Liberal state director Sascha Meldrum yesterday apologised for a failed ‘robo-call’ survey asking respondents whether they thought the state was “generally heading in the right direction or… seriously heading in the wrong direction”, which inadvertently went out to hundreds of households “between 6:15am and 7:15am” – instead of the previous evening.
But the unwanted phone calls continued this morning, this time targeting hundreds more constituents in the Hills area.
It sparked a second successive day of talkback anger from disgruntled recipients – and ignited the ire of the Premier.
“The simple fact of the matter is it was completely and utterly unacceptable,” he told ABC Radio Adelaide, adding that he had called Liberal state president John Olsen to express “my complete dissatisfaction”.
“He’s committed to a thorough investigation – this will not happen again,” Marshall said.
“Sascha Meldrum issued an apology yesterday, there’ll be another apology this morning. This can’t happen again.”
HEAR THE ROBO-CALL BELOW:
Meldrum said in a statement today while all survey calls had been “wiped from the system” after the original error, “this must be a hangover from yesterday’s problem”.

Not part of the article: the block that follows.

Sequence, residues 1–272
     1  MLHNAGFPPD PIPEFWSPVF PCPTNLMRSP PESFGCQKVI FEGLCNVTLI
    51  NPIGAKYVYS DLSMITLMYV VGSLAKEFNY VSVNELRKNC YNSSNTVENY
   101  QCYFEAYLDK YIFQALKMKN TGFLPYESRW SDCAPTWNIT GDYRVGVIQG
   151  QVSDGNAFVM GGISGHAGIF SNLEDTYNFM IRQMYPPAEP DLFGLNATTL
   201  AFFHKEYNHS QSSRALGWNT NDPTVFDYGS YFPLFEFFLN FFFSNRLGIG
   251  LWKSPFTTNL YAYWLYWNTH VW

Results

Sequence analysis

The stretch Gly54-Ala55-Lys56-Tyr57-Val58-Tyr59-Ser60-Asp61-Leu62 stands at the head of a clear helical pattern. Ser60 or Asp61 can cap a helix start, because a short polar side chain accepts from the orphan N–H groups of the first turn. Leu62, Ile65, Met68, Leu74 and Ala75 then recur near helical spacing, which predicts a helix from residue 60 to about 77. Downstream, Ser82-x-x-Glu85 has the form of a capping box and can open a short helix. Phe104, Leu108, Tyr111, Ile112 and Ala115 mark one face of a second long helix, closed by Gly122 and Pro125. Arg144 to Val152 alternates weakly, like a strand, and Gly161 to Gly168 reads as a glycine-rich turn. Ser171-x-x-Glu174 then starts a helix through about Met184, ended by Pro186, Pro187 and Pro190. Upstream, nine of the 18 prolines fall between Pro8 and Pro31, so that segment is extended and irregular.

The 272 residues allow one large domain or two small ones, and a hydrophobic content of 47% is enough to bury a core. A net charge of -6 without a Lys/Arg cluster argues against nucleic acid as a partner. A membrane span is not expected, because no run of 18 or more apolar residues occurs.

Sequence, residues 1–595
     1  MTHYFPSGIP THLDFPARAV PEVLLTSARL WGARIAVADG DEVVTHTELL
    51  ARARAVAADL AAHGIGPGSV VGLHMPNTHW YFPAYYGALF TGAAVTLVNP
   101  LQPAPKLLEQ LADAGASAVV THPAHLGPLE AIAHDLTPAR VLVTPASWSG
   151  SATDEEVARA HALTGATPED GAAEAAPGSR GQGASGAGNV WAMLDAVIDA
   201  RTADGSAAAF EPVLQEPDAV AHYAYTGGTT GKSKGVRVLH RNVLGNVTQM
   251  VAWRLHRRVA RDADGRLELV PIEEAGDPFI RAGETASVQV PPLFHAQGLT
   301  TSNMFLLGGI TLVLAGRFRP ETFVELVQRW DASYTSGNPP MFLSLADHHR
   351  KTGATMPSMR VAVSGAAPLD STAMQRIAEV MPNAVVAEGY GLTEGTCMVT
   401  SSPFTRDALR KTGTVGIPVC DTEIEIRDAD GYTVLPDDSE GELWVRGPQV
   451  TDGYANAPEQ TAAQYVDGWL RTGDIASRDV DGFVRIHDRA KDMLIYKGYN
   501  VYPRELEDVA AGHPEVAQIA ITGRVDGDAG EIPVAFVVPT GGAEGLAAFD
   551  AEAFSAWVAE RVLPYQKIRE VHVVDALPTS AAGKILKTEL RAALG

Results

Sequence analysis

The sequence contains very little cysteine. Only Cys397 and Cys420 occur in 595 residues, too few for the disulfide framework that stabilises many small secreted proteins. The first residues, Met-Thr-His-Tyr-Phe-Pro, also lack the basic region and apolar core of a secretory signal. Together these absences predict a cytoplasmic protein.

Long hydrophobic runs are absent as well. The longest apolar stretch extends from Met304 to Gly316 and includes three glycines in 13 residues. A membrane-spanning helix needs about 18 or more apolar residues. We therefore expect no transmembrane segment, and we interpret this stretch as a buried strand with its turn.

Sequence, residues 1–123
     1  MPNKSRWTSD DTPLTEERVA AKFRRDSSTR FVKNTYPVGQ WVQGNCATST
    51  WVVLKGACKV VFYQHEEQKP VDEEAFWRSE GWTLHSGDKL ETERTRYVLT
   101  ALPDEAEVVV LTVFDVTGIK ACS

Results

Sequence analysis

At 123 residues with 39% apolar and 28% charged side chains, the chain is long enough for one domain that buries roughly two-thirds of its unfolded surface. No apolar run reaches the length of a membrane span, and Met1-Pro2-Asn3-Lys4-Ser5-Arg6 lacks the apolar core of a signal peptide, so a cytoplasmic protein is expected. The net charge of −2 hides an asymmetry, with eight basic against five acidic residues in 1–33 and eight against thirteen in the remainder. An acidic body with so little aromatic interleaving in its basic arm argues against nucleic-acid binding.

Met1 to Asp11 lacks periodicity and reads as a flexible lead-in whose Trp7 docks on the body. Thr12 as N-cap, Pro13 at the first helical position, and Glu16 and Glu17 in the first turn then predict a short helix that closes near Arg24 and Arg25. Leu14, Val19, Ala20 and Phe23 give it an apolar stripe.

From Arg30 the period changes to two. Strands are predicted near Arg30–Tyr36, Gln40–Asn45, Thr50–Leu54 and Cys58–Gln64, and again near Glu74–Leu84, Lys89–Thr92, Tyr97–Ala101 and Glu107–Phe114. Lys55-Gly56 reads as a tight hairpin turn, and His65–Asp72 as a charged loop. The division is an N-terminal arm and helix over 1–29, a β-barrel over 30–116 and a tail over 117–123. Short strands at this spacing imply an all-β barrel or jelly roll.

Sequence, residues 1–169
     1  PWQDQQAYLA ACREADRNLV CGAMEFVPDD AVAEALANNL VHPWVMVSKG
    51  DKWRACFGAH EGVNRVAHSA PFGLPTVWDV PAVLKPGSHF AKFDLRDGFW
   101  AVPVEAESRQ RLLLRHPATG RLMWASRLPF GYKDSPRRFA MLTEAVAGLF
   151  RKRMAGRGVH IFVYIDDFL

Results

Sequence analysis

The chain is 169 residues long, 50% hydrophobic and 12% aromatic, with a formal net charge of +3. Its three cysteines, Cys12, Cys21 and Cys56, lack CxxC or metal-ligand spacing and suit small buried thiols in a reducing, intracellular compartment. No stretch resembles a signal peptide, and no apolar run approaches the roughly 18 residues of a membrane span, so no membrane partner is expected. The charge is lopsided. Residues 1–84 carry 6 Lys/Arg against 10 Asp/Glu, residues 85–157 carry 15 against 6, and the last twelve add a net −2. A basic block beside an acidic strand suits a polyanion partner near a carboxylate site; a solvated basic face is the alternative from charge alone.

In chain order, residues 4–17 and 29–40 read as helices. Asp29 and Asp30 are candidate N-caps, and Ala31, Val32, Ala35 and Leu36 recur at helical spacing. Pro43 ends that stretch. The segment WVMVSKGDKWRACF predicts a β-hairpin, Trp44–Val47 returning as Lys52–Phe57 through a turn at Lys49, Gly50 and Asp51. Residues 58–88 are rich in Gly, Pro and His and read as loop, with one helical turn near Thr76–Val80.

“Sincere apologies to anyone in the Hills who were affected,” she said in a statement.
“This will not happen again as we will not be using the same supplier for phone surveys again.”
A Google search links the phone number used for the calls to Symbio Networks, a VOIP [Voice over Internet Protocol] provider. InDaily has contacted the company for comment.
The escalating bungle prompted the Labor Opposition to declare it would seek to amend the state Electoral Act to ban robo-calls by political parties in SA.
“We’ve seen Steven Marshall’s Liberal Party go from bad to worse when it comes to some basic functions,” Labor leader Peter Malinauskas said today.
“[Yesterday] we saw an extraordinary bungle when it comes to robo-calls… now that’s transcended to a complete embarrassment for Steven Marshall.”
He added it was “worth contemplating why the Liberal Party is actually performing these robo-calls at obscure hours of the morning”, noting it was designed to seek feedback on “Steven Marshall’s budget… full of privatisations [and] higher taxes and charges”.
“Let’s ban these robo-calls for all political parties, and makes sure SA households aren’t been bombarded with these calls,” he said.
“If South Australians are going to hear from politicians, let’s make sure it’s a real person not some annoying robot.”
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